But you, Israel, my servant, Jacob, whom I have chosen, the offspring of Abraham, my friend; you whom I took from the ends of the earth, and called from its farthest corners, saying to you, “You are my servant, I have chosen you and not cast you off”; fear not, for I am with you; be not dismayed, for I am your God; I will strengthen you, I will help you, I will uphold you with my righteous right hand.

Behold, all who are incensed against you shall be put to shame and confounded; those who strive against you shall be as nothing and shall perish.

You shall seek those who contend with you, but you shall not find them; those who war against you shall be as nothing at all.

For I, the LORD your God, hold your right hand; it is I who say to you, “Fear not, I am the one who helps you.

Isaiah 41:8-13

A Useless Message?

Isaiah wouldn’t be considered a successful minister. Despite his prophecies, kings did what they wanted, repented only when it seemed they had to, then returned to their selfish, prideful ways.

Isaiah is remarkable because his prophecies pointed down the vast corridors of time to Jesus Christ, our Lord. He reminds us of God’s sovereignty over all matters of life. He reminds us that we don’t even have a frame of reference to interpret God’s ways.

That could be frightening. Imagining God looking down on humanity, regarding the lofty princes and powerful nations as “less than nothing,” and the people as grasshoppers, dust on the scales. We make no impact at all to God.

We don’t like that idea. We like to think that we have a purpose and make our mark on history. We want to be somebody. We want to make a name for ourselves. We believe we can reach the stars or build a tower to heaven. We prefer to think that we can know the deep things of knowledge both of good and evil, and that in that pursuit, we’ll become like God.

It’s all absurd. It would be like the comedy sketch Jim Gaffigan did about the toddlers who try to run away. “Where do you think you’re going?”

Only, with God, it’s even more absurd.

Who Is Like God?

There is nothing to which we can compare God. He is intimately involved in his creation, including all the stars in the galaxy, which he calls by name, not missing a single one.

Think about that when you think you’ve been forgotten by God. He doesn’t regard people the way we do. Pomp and status in our society means nothing to Him. When Jesus stood before Pilate, it was actually Pilate who stood before Jesus, his soul on trial.

With all our striving, we grow tired. Even when we are young, we do not possess the strength to go on forever. There comes a time when we are exhausted, hemmed in on every side.

True Hope of Deliverance

But if we look to the Lord, He renews our strength. He gives power to the faint. Though we be as lame, weak people, we’ll be more than conquerors by His might.

The promise that continues in chapter 41 is to God’s people, not to people in general. It is only the repentant who have put their faith in the absolute justice and holiness of God’s nature, have renounced all claim of control on their life that can then rest in the declarations that follow.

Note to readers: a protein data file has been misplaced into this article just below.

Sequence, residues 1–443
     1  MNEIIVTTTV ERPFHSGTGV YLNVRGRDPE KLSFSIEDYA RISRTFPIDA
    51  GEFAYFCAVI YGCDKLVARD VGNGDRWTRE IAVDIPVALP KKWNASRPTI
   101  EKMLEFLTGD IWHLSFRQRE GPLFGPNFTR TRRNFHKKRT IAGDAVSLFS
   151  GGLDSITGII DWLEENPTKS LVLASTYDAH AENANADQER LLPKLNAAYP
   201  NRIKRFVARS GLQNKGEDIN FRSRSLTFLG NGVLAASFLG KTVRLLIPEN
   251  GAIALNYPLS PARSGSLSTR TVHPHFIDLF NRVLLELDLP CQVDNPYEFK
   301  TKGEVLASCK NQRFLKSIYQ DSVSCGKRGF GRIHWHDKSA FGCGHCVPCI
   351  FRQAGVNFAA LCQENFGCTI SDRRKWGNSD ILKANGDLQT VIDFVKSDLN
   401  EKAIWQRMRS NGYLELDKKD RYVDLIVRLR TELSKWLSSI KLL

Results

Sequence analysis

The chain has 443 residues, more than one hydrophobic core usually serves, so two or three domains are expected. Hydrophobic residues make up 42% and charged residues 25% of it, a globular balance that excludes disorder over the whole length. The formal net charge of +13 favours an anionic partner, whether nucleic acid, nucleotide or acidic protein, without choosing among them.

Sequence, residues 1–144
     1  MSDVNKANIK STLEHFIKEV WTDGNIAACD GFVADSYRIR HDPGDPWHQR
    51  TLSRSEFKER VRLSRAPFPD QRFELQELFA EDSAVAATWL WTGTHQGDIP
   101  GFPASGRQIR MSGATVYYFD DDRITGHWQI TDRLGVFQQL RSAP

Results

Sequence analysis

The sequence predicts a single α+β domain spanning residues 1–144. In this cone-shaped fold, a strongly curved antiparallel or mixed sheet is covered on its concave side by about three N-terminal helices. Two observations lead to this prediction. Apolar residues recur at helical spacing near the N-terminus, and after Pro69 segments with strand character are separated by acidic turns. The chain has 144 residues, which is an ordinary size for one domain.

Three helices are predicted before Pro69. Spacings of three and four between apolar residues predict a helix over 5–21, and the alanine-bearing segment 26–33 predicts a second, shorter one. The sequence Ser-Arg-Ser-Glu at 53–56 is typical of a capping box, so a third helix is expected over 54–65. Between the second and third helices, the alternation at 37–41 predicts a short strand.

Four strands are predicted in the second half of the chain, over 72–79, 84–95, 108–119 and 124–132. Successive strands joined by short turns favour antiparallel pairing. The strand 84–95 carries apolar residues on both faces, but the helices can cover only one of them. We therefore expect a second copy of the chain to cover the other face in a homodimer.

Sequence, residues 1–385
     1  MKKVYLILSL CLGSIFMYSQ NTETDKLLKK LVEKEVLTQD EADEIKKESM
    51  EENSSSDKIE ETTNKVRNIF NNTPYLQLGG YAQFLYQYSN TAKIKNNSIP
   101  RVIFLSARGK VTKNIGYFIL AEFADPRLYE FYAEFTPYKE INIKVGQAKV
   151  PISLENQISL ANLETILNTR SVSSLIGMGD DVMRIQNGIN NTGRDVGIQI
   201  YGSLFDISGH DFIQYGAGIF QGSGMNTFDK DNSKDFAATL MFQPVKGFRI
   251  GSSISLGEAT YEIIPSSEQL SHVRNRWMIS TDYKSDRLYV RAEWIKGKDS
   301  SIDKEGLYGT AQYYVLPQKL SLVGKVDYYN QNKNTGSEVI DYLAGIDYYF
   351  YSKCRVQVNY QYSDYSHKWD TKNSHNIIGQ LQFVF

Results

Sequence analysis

Our enemies will be as nothing at all. We’ll look for them and not find them.

The Lord holds us in His right hand. We need not fear. He is our Lord.

Ignorance is the New Sin: How Modern Heresy Works

I was shocked when Ted Dekker, a well-known Christian author–son of missionaries to Indonesia–ripped off the mask to reveal himself as a prophet of Baal.

I’ve written about it here for part 1 and here for part 2. Like all heretics, he declares that he received an audible-yet-not-audible word directly from God telling him to forget everything he knows about God and embrace the new way that God was going to reveal to him.

There’s a long list of people who will have similar stories. Some are more heretical than others, but they all bring strange fire before the Almighty. They all claim to have a New Way that nobody knows about. For Ted, it’s the ‘Forgotten Way.’ And it can be yours, for as low as …

Funny how that works. I’m fairly certain that Moses, Elijah, Isaiah, Jeremiah, Peter, Paul, and John never charged for their inspired works. How times have changed.

I continue to see Ted–in unrepentant fashion–promote his new cult. Here’s a quote:

Why are people leaving churches? We’ve lost sight of the power found in our true identity as the light which manifests in a radical love without which all else is found worthless, as Paul wrote. Ignorant of who we are, our own self-limiting beliefs sabotage us and keep us in darkness every day. But that can change today. Watch this eye-opening 2 minute video and see the only problem Christians face today. You don’t have a light. You ARE the light.

Good marketing always tells people what they want to believe.

This pill will shed all your excess fat without any exercise or special diet! 

Drinking beer will make you popular and sexy!

Drive this car and you’ll command respect from everyone around you! 

Wear this bracelet and you’ll have energy all day! 

You can write a novel in 3 days if you follow these two simple steps! 

I think we’ve all seen these types of things. The Superbowl is coming up and we’ll laugh, we’ll cry, we’ll … buy. We even know that it’s pure marketing, but we still really, really want to believe it.

Same with what Ted’s selling. It’s actually no different than what Rob Bell advanced in his book, Love Wins. The premise is that our ignorance of God’s love is our ‘hell’ or ‘darkness.’

Rob says that everyone is a child of God and are already in His family. They simply choose to leave, like the prodigal son. Or, like the older brother, when the prodigal’s father throws a party upon the younger son’s return, everyone is at God’s ‘party,’ though some create a ‘hell’ for themselves because they allow envy to get in the way of experiencing the Father’s love.